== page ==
We may farther observe, that the glory mentioned here was not as yet fully conspicuous; it had begun, so to speak, to glimmer, but it did not shine forth in full splendor until Christ came. It is then the same as though the Prophet had said, “God has already emitted some sparks of his glory, it will increase until it attains a perfect brightness. The Lord in the meantime will cause, not only that the nations may restrain themselves from doing and wrong, but also that they may become a prey to you”. 3131     It would be almost endless to give the expositions which have been offered on the phrase. “After the glory,” [אחר כבוד]. Henderson very justly rejects what has been proposed by Newcome, Blayney, and Gesenius, and other German divines, who, following Castalio and Cocceius, render the line — After glory (i.e. to obtain glory) hath he sent me.
   Some of the fathers, such as Eusebius, Jerome, Cyril, and Theodoret, viewed the “glory” here as that which the Son enjoyed with the Father before he became incarnate; but this view in no degree comports with the context, though most divines, ancient and modern, consider that Christ is the Jehovah of hosts in this area. The paraphrase of the Targum is the following — “After the glory which he has said he would bring to you;” and this is substantially the meaning given by Calvin, and adopted by Henderson. Without altering the general meaning, another construction may be given —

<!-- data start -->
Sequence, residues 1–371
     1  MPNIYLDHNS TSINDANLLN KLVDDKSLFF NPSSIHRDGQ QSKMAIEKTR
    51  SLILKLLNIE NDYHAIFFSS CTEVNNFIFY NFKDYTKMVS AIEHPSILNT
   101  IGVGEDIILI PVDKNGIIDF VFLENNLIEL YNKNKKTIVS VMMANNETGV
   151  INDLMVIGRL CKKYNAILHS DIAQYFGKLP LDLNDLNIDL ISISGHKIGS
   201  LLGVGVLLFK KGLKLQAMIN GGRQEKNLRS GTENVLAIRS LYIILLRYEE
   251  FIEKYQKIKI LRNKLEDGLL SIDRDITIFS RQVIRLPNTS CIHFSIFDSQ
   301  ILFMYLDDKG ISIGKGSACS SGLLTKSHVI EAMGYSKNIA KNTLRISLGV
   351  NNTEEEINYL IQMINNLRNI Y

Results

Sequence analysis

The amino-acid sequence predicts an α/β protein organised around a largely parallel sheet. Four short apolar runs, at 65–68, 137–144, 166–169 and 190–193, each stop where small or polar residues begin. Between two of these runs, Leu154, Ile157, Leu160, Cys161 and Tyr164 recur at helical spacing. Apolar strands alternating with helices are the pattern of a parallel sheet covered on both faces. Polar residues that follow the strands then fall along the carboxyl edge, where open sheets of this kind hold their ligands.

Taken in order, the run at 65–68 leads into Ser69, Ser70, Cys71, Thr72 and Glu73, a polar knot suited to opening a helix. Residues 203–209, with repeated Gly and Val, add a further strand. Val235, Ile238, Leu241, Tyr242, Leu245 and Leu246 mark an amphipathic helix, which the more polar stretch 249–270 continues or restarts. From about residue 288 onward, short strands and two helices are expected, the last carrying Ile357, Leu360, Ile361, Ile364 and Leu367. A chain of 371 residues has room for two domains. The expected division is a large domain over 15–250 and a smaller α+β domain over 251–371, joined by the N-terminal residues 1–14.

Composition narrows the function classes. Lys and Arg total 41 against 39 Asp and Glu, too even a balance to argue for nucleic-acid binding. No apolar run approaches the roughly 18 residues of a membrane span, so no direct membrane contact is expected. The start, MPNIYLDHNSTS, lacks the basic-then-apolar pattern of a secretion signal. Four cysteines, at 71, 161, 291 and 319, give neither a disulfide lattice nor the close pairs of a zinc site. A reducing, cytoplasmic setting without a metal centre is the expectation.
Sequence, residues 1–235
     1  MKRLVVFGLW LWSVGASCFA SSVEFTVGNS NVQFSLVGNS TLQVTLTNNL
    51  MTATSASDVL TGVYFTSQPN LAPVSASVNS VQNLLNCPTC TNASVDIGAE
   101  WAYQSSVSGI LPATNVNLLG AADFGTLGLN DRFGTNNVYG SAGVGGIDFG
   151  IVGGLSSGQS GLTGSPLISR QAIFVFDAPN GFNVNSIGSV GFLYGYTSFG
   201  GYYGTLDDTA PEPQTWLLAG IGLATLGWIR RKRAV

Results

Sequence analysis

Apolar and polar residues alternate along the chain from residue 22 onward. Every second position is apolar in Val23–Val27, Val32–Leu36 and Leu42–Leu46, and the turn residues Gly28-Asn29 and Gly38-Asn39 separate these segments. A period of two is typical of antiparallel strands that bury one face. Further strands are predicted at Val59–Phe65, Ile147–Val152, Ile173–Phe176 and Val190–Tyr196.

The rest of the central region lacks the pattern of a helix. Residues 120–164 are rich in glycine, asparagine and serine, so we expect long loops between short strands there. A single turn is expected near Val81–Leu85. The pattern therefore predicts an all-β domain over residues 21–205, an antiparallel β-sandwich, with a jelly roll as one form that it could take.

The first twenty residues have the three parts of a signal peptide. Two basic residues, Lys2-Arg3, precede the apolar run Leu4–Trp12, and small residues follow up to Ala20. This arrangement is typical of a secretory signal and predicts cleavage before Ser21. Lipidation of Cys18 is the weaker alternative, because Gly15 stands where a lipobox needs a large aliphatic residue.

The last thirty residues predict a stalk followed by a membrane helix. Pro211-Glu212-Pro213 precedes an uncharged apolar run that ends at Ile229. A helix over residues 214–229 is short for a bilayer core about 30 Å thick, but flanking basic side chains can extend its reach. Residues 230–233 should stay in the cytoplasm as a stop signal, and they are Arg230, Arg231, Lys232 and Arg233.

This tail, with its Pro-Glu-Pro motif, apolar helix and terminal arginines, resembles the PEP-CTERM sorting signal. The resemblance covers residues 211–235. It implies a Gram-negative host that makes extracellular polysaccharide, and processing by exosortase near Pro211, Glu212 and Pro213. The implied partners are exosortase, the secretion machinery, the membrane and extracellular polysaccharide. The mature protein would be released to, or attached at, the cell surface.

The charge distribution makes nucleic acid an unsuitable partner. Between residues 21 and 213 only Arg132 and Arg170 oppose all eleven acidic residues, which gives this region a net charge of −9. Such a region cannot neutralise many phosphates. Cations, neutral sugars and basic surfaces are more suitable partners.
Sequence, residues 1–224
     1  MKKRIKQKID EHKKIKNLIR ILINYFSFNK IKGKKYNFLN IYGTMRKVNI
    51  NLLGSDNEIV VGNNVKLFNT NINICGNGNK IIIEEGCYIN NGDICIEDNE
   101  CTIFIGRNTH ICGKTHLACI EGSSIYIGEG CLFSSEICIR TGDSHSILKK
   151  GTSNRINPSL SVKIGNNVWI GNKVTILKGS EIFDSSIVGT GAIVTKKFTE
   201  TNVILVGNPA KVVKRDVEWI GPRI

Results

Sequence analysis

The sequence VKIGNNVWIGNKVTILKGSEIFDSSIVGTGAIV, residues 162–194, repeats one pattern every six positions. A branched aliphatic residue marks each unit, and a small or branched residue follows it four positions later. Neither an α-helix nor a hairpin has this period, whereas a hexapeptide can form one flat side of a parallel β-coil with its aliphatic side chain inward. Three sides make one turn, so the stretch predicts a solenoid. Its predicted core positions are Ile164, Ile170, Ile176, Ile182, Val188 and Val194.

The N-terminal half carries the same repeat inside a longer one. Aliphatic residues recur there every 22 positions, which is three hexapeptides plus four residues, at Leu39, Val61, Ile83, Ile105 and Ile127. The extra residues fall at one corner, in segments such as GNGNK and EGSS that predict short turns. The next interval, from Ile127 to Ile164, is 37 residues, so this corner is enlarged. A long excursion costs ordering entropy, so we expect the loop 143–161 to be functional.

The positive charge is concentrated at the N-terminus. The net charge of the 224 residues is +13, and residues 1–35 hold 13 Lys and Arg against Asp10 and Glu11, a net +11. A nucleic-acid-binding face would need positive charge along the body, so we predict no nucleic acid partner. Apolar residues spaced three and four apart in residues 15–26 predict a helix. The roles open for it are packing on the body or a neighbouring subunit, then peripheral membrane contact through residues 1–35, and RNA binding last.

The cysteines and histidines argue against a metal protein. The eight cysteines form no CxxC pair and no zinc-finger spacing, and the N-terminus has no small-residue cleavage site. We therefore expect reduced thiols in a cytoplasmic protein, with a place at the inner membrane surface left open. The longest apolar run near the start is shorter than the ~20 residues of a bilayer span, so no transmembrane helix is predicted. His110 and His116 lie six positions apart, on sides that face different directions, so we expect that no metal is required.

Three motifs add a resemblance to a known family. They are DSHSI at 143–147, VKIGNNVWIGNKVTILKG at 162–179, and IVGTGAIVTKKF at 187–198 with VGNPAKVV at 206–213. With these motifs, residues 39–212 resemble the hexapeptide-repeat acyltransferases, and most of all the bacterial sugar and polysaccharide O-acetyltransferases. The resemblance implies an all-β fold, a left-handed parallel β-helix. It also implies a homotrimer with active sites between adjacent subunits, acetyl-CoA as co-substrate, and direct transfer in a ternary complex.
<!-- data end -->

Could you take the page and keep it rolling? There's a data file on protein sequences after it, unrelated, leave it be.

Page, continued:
For thus saith Jehovah of hosts,
“Another glory!”
he has sent me to the nations,
Who have plundered you;
For he who touched you
Touched the apple of his eye.

   “Another glory” is an allusion to the glory mentioned in verse 5: he would not only be a glory in the midst of them, but would confer on them another glory by destroying their enemies.

   Blayney seemed “certain” that the eye refers to every enemy of the Jews, and not to God; but the greater certainty seems to be on the other side; it is the most natural and obvious construction of the passage. See Deuteronomy 32:10. Not only Calvin give the preference to this view, but also Grotius, Marckius, and Henderson. — Ed.